When members of the Federal Open Market Committee (FOMC) express vastly divergent views in their deliberations, it is quite a challenge for the chair to maintain consensus while making the right decision. The quandary of central banks is understandable. After three consecutive years of slowing economic growth since 2018, including a sharp contraction just a year ago, the global economy was amid a nascent rebound in 2021 when inflationary indications began to emerge. With much of trade and manufacturing affected by battered supply chains due to the pandemic and limping back to normalcy, allowing the evolving growth a reasonable runway seemed the obvious choice, particularly as variants of the pandemic kept popping up in one region or another. Hence, the initial reaction was to label inflation “transitory” and continue with loose monetary policies. However, after almost a decade of monetary slack, inflation had been more overdue than economic growth. By late 2021, while mulling over dropping the transitory tag, central bankers were well aware that they were likely to be either ahead of or well behind the curve. Aversion to disrupting the status quo implied the latter.
Increasingly hazy macro landscape as risks manifest
Not all price increases can be attributed to the abundance of cheap money. The shift in dynamics due to the pandemic has also led to demand-supply mismatches, for example, in the global semiconductor market. Secular growth in sales of electronic devices, cloud services, 5G networks and AI services as well as pent-up demand for automobiles have fed into the persistent upward spiral in prices of integrated circuit (IC) chips since the pandemic has started to wane. Russia’s prolonged invasion of Ukraine is also amplifying price pressures, including from energy products (petroleum, natural gas, kerosene and LPG), food products (such as wheat and edible oil) and semiconductors (such as palladium). These supply constraints are becoming increasingly difficult to resolve against the backdrop of a widening rift between Ukraine, backed by Western powers, and Russia, and China’s zero-tolerance approach to localised COVID-19 outbreaks. In the case of Ukraine and Russia, the more both sides harden their stance, the more difficult it would be to restore efficiencies in the future. In the case of China, concerns are that the longer China sticks to its zero-tolerance policy, the more difficult it would be for its citizens to achieve the immunity necessary to completely rid itself of the pandemic.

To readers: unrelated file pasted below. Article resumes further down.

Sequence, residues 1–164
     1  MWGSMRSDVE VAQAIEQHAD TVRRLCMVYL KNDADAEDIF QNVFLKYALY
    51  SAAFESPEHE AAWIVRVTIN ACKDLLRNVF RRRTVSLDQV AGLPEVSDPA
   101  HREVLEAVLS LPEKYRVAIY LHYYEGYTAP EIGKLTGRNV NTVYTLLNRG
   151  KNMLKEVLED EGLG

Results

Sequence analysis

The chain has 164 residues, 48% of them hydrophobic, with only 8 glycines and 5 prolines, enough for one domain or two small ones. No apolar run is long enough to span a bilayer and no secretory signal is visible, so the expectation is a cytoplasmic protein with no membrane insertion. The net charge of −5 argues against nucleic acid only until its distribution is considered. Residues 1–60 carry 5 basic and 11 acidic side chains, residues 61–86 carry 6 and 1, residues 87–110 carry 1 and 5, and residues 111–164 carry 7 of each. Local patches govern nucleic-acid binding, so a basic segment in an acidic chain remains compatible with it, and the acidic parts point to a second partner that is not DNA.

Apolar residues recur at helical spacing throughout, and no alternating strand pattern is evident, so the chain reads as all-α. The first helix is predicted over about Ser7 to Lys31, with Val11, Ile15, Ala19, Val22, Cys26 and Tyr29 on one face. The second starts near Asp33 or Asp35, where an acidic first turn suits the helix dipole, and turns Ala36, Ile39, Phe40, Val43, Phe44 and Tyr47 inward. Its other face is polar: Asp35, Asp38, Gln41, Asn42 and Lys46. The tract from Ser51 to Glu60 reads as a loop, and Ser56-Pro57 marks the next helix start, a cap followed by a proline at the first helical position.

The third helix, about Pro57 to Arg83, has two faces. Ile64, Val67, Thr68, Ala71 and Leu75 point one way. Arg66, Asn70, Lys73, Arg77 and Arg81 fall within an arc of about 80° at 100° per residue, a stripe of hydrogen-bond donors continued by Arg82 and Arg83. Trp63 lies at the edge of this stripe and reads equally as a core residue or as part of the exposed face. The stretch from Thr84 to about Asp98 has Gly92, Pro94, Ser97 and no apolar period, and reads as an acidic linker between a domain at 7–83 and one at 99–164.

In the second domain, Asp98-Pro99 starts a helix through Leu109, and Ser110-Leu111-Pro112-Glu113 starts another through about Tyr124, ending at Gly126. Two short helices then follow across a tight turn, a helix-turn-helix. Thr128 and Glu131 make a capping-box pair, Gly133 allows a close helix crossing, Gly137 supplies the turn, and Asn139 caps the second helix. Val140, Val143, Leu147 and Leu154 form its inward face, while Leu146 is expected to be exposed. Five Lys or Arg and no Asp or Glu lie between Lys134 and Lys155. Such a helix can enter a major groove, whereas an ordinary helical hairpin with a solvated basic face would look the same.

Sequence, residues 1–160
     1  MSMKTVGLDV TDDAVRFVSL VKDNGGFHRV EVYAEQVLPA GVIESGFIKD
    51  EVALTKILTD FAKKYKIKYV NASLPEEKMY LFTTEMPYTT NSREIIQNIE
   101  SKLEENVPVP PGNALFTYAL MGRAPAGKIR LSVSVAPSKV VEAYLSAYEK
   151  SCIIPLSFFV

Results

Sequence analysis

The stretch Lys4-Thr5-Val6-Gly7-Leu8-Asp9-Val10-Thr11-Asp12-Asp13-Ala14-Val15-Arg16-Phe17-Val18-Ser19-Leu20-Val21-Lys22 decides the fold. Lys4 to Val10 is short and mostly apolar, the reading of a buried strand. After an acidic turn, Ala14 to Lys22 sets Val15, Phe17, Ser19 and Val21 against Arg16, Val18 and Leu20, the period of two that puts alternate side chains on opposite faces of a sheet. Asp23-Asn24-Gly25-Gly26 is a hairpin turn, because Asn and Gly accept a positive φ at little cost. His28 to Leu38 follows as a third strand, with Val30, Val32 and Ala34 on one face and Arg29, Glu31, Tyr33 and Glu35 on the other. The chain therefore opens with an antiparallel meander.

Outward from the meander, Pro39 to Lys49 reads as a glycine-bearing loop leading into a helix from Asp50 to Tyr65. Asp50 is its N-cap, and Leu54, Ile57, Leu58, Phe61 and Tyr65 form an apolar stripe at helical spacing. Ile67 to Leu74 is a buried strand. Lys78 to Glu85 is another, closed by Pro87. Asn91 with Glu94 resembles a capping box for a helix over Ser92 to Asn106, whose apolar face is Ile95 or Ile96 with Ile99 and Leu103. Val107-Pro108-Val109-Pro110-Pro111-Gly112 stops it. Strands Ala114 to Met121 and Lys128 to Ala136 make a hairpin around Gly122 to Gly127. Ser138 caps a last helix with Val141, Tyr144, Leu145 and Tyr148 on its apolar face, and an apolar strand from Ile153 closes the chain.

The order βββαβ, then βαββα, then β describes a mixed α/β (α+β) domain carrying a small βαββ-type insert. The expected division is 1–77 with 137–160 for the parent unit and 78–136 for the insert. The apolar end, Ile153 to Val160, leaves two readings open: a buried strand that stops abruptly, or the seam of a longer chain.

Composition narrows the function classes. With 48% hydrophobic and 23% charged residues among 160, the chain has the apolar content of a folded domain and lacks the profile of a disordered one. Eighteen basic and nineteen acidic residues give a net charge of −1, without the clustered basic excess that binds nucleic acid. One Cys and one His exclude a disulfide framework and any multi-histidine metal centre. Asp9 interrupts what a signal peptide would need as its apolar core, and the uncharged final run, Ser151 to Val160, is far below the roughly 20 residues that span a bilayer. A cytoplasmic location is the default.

The governments’ somewhat slow response to help monetary authorities alleviate fears of inflation demonstrates that they, too, were not expecting the war to extend this long. With US inflation reaching a four-decade high, the Biden administration suggested in late May that Trump-era tariffs on Chinese imports be reviewed. As a positive side effect, this may soften the trade spat between the two economic giants. The story of executive actions is similar across the Atlantic, with European countries lowering fuel and payroll taxes, abolishing surcharges and providing rebates on electricity bills and transport as the conflict in the East lingers. In Asia, the likes of China and India have continued to trade with Russia throughout the war to keep their energy bills down, while lowering import tariffs for ferrous raw materials and hiking export duties to cool domestic prices.